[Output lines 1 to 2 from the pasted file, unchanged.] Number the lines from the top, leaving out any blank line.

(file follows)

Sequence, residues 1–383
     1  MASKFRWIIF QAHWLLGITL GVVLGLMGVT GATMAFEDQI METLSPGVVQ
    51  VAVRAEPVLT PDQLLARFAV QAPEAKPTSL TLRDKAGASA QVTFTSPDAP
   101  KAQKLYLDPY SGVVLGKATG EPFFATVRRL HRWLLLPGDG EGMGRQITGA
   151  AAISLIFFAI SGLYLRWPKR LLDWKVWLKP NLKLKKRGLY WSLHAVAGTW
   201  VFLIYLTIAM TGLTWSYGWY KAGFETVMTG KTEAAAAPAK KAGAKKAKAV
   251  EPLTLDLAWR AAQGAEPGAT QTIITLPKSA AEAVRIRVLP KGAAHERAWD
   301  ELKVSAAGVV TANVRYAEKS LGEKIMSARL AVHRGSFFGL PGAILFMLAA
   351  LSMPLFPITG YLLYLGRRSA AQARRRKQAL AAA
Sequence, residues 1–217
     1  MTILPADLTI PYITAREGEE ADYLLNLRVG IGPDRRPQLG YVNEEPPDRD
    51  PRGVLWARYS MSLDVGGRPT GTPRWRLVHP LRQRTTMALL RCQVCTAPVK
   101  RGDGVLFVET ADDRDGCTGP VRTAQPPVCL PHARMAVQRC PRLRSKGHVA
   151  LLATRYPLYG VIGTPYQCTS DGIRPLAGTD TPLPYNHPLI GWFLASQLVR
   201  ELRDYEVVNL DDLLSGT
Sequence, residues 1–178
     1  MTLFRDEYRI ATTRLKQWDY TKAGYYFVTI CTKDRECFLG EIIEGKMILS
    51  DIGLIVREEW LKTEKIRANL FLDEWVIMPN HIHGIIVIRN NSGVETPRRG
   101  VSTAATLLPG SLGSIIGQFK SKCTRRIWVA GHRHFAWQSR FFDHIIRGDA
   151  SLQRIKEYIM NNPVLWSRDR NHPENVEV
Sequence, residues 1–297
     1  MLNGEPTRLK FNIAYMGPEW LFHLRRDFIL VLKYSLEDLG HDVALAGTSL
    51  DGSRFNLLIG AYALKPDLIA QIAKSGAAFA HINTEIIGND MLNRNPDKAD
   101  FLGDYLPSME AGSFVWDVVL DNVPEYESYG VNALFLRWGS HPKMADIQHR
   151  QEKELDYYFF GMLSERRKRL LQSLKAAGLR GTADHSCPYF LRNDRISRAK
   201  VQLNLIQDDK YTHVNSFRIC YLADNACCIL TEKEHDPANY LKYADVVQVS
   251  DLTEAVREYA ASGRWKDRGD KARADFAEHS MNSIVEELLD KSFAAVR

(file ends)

Sequence, residues 1–383
     1  MASKFRWIIF QAHWLLGITL GVVLGLMGVT GATMAFEDQI METLSPGVVQ